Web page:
It is urged on behalf of Blaw-Knox and King McCreery that the allegations of the second count with respect to them relate to such innocuous transactions that no reasonable inference of a conspiracy can be drawn therefrom. There might be force to this argument if each allegation were to be considered by itself; but they cannot be so considered; they must be read together, and when so read, we feel that a jury might well find, if said allegations are proven, that there was concerted action on the part of the Government contractors and the Unions looking toward the breach of the collective bargaining agreement. Of course, no invidious inference can be drawn from the mere fact that the Government contractors are large operators, or from the mere fact that they constantly need and employ large numbers of workers, or from the mere fact that they maintain pleasant relationships with the International Union and have collective bargaining agreements with it, or from the mere fact that workers were supplied to them after the union or unions had ceased *816 supplying them to the plaintiffs, or from the mere fact that they hired former employees of the plaintiffs the day after the contract is alleged to have been breached. But when all of these "mere facts" are taken together, each lends color and significance to the other, and the overall picture presented is not so innocent, or at least a jury might find that it is not. Under these allegations it would not be unreasonable for the triers of the facts to infer that it was not mere coincidence that union men were supplied to the Government contractors rather than to the local plaintiffs, and that it was not coincidence that on the very day upon which it is alleged that the contract was breached, and upon which it is alleged that the individual employees of the plaintiffs were caused to quit their employment, the Government contractors hired union members, former employees of the plaintiffs, "in such numbers and at such compensation as were not reasonably necessary or required for the construction of said Pine Bluff Arsenal Project". The jury might well conclude that the need for workers on the part of the Government contractors supplied a motive for the latter to conspire to deprive the plaintiffs of their labor and to bring about the breach of the contract under which the union or unions were required to furnish men for jobs contracted by the plaintiffs, and that an agreement, express or implicit, was made to the effect that if the contract should be breached, and if employees of the plaintiffs should quit their jobs and refuse to work further for the plaintiffs, such former employees would not lose any work but would be immediately employed by the Government contractors in unnecessary numbers and at unreasonable rates of compensation. Such an agreement would supply a motive to the unions and to the employees to become parties to the scheme; and if in fact the defendants named in Count Two did enter into such a conspiracy as is alleged by the plaintiffs, it seems obvious that the immediate hiring of the men who quit the employ of the plaintiffs would be an essential part of such conspiracy and necessary to carry it into effect. See Falstaff Brewing Corp. v. Iowa Fruit & Produce Co., 8 Cir., 112 F.2d 101, 108.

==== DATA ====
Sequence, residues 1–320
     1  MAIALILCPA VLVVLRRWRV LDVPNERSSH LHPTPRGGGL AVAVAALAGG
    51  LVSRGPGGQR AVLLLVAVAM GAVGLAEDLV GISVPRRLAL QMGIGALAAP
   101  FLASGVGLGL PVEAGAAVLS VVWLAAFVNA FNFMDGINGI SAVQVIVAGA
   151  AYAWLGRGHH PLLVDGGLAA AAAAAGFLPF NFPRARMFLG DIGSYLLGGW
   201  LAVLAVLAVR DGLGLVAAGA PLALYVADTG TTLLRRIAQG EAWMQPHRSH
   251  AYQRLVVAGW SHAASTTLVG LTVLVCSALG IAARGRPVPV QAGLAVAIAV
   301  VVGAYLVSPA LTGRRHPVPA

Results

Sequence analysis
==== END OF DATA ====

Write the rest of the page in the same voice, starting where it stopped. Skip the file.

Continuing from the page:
But even if it be said that the second count fails to allege an actionable conspiracy, it does not follow that the count should be dismissed. Said count does more than charge a conspiracy followed by overt acts resulting in damage to the plaintiffs; its language is conjunctive and it charges not only that the defendants entered into a conspiracy but also that the defendants "committed, caused, induced, and aided and abetted the commission" of the overt acts which have been described, and which included the alleged breach of Article III of the Agreement, which Article obligated the union or unions to supply men for the plaintiffs' jobs, and which also included the alleged actions of the unions and of Mr. Eilmes in causing the individual employees of the plaintiffs to quit their jobs and to refuse to work further for the plaintiffs. The alleged actions of the defendants in causing and inducing the breach of the contract and in causing and inducing the individual employees to terminate their employment with the plaintiffs were in themselves actionable torts,[9] whether committed in furtherance of a conspiracy or not; see Mahoney v. Roberts; Johns v. Patterson; Hogue v. Sparks, all supra; 52 Am.Jur., Torts, Sections 42-43; and see the extensive annotation on the subject in 84 *817 A.L.R. p. 43 et seq. Where a complaint alleges an actionable tort, additional allegations that such tort was committed pursuant to a conspiracy actually add nothing to the complaint; such allegations are merely allegations of matters of inducement or evidence, and, if defective, may be ignored and a trial had upon the substantive tort alleged. Barry v. Legler, 8 Cir., 39 F.2d 297; State of Missouri ex rel. and to Use of De Vault v. Fidelity & Casualty Co. of New York, 8 Cir., 107 F.2d 343; Original Ballet Russe, Ltd., v. Ballet Theatre, Inc., 2 Cir., 133 F.2d 187. Hence, even if we believed, as we do not, that the conspiracy allegations are defective, the principle just stated would be applicable, and we would not be justified in dismissing Count Two. It is, of course, possible that the plaintiffs may encounter difficulty in proving at least some of the allegations in Count Two, but we believe that under the law they should have the opportunity of so doing.